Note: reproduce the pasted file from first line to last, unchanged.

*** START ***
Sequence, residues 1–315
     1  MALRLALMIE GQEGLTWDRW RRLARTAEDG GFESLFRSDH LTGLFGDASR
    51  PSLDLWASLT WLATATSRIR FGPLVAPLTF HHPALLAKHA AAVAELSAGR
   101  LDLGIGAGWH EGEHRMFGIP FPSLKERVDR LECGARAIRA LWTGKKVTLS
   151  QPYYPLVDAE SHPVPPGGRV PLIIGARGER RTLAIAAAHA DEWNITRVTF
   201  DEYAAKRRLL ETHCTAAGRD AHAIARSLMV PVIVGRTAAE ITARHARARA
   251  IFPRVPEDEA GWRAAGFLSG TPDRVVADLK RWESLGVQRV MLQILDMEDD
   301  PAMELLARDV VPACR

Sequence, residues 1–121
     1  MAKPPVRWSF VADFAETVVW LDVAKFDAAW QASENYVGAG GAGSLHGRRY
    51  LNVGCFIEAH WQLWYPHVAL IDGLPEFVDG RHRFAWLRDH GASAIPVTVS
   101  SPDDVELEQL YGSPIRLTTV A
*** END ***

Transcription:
Sequence, residues 1–315
     1  MALRLALMIE GQEGLTWDRW RRLARTAEDG GFESLFRSDH LTGLFGDASR
    51  PSLDLWASLT WLATATSRIR FGPLVAPLTF HHPALLAKHA AAVAELSAGR
   101  LDLGIGAGWH EGEHRMFGIP FPSLKERVDR LECGARAIRA LWTGKKVTLS
   151  QPYYPLVDAE SHPVPPGGRV PLIIGARGER RTLAIAAAHA DEWNITRVTF
   201  DEYAAKRRLL ETHCTAAGRD AHAIARSLMV PVIVGRTAAE ITARHARARA
   251  IFPRVPEDEA GWRAAGFLSG TPDRVVADLK RWESLGVQRV MLQILDMEDD
   301  PAMELLARDV VPACR

Sequence, residues 1–121
     1  MAKPPVRWSF VADFAETVVW LDVAKFDAAW QASENYVGAG GAGSLHGRRY
    51  LNVGCFIEAH WQLWYPHVAL IDGLPEFVDG RHRFAWLRDH GASAIPVTVS
   101  SPDDVELEQL YGSPIRLTTV A